laura b. featured in crain’s chicago!
Sine’s owner Laura B. was featured in Crain’s Chicago Business to speak about her 30 years as a salon owner. Check out the article below!
In Chicago and its suburbs, is there any storefront more ubiquitous than the beauty salon? If you thought there was a pizza parlor on every street corner, consider this: There are 78,000 pie destinations in the entire U.S. according to retail statistics. Banks? Some 72,000 of those. The current count for gas stations is 145,000. But for beauty salons offering hair and nail services and even facials – there are a remarkable 1.4 million locations in the nation.
Laura Boton operates three of them on the city’s North Side under the name Sine Qua Non (which means an essential thing in Latin). Her journey and success open a window into this small-business niche.
“This is one of the biggest-grossing industries in America” says Boton, 58. “Most people don’t realize that.” It’s also lucrative for stylists, she adds. Of her 48 employees, one-third earn $100,000 and more each year working on hair. Sales volumes are fattened beyond the typical $100 haircut by a rising demand for coloring, which can run as much as $500 per customer for the more flamboyant hues. “It’s a great time to be a hairdresser” Boton says. “A lot of people
entering this business are doing very well right now.”
Boton grew up in Des Plaines, the daughter of a pharmacist and housewife, and from an early age loved clothes and fashion and music. She was singing in rock bands at 15, but singing didn’t pay the rent, and waiting tables wasn’t much better. While she was earning $80 a shift in 1988, Boton noticed that friends cutting hair were making closer to $800 a week. She quit her music classes at DePaul Universitv – “I could tell that I would never be a classical vocalist” – and enrolled in beauty school for a vear of training. After graduation, she found she could make $35.000 a year working at salons in places like Saks Fifth Avenue in the Old Orchard Mall.
The money was fine, but Boton was unhappy, a condition she shared with many other stylists working long hours. It was all the fault of management, she says. “They worked me like a dog.” she recalls. “I worked a full 40 hours behind the chair each week with no break, no days off. If I wanted a day off, I had to come in and work on a weekend to make it up. There was no flexibility, no consideration for the employees. Each place I worked had a lot of turnover as a result.”
Bv 1993, Boton was ready to go into business for herself, with a business model that would give her employees flexible hours and generous benefits. With $15,000 in loans from two friends and another $15,000 loan from her parents, she set up shop in a 1.100-square-foot leased space at 2944 N. Lincoln Ave., with room for a half-dozen chairs. Some 75% of her old clientele came along to the new place, and the unusual name and Boton’s range of friends in the music business provided a good base of business. From the outset. Boton trained her new hires in techniques beyond what ordinary beauty schools could provide, and once they were ready to go to work, she gave them a long leash.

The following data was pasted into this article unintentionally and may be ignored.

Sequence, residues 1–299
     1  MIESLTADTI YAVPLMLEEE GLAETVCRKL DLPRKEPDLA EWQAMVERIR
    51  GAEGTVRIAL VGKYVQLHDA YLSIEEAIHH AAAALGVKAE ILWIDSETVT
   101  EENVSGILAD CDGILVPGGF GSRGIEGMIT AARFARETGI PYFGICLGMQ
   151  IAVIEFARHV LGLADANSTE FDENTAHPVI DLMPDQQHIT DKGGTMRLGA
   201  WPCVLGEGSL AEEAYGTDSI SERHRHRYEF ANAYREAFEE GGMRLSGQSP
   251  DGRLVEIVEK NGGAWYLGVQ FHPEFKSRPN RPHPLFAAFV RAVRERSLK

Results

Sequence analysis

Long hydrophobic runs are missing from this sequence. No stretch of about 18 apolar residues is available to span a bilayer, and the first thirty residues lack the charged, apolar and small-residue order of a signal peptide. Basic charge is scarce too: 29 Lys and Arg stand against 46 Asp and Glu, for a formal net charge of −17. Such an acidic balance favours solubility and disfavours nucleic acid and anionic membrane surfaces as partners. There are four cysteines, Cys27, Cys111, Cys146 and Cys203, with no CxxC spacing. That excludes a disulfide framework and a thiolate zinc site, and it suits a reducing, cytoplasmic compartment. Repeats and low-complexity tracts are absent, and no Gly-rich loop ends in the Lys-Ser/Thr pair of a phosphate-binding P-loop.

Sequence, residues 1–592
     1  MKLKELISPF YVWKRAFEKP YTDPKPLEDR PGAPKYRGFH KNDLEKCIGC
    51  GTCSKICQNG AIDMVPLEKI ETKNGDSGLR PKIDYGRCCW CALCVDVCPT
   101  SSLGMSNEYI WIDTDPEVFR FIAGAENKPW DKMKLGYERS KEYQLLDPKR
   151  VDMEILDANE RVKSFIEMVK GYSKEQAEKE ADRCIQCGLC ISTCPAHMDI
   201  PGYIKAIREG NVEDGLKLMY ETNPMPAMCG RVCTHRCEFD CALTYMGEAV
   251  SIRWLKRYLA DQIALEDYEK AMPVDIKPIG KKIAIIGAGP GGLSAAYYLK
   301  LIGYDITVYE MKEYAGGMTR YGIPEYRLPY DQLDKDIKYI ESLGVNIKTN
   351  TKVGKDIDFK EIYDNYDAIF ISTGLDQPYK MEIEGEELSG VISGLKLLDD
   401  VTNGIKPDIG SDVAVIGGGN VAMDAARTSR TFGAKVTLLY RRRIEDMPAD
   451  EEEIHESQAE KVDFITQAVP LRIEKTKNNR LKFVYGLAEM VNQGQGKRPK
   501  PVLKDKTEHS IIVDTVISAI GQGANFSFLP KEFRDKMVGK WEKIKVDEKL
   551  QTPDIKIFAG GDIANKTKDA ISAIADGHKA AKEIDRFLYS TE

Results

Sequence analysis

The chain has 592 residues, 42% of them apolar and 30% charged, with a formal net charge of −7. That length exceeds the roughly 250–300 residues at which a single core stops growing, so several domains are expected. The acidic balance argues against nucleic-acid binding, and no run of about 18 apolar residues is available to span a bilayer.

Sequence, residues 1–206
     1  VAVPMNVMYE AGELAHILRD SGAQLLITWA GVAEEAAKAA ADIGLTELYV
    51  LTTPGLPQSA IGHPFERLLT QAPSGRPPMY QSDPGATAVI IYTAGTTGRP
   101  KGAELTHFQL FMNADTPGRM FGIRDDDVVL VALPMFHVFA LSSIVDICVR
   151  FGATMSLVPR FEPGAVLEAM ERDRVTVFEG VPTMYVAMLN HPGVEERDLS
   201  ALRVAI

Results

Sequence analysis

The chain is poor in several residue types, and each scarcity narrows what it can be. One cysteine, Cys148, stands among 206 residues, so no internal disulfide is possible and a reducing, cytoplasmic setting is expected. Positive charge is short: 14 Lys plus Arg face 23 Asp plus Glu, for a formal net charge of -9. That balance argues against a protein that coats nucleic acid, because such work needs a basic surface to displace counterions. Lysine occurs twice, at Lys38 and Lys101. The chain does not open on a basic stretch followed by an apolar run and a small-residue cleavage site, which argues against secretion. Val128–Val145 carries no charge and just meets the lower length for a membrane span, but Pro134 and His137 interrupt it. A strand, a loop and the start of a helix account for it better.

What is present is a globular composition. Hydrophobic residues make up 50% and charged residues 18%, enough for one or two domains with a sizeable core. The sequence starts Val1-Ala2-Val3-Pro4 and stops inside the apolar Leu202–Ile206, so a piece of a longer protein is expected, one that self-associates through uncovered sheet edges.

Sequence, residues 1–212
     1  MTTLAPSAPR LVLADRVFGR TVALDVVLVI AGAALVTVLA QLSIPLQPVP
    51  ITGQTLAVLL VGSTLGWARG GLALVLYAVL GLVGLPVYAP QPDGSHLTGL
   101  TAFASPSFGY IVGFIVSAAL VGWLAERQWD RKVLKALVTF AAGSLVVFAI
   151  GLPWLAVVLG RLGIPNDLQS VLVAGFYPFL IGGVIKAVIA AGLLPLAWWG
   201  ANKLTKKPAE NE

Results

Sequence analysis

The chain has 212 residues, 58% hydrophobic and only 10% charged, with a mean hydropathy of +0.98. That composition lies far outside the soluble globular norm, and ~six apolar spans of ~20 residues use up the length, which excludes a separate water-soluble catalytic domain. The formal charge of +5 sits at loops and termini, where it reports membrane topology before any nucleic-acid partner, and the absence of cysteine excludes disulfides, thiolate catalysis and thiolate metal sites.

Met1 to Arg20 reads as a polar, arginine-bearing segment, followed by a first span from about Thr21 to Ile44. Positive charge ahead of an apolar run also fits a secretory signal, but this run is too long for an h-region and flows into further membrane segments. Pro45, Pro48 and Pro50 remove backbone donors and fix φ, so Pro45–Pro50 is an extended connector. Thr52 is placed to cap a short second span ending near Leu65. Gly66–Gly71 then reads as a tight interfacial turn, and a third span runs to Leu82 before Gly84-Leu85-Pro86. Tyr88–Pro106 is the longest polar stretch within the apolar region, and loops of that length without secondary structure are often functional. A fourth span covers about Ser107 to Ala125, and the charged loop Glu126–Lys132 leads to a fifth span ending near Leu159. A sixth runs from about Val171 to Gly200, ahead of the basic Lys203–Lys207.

In the years since, Sine Qua Non has had virtually no turnover in personnel – unusual in the beauty business. “I give people their own control over how thev work ” Boton savs. “There is no rigid structure. I listen to my stylists and I care about them. You don’t get that at many salons.”
Karen Gordon, a stylist for 44 years who is the former president of Cosmetologists Chicago, a trade group that stages the
America’s Beauty Show each year in Rosemont, says Boton’s success in retaining workers ought to be a lesson for her rivals. “Many salons have too many strict rules and have become too corporate,” Gordon says. “Laura is compassionate. She’s more of a free spirit like me. And this is important today, because many of the young people coming into the business insist on flexibility and the right to set their own hours.”
Boton’s system is working. She grossed $350,000 during her first year in business three decades ago, and will do $3 million this vear in sales at her salons in West Town. Lakeview and Andersonville. She eschews further expansion out of fear of the corporate image that Gordon notes. And time off is important for her employees and herself. Boton, who still cuts hair four hours a week for a small clientele, took off for 10 days recentlv in her part-time role as vocalist for
the Chicago progressive rock band Cheer-Accident, which toured clubs along the East Coast – proving there is life beyond the styling salon, after all.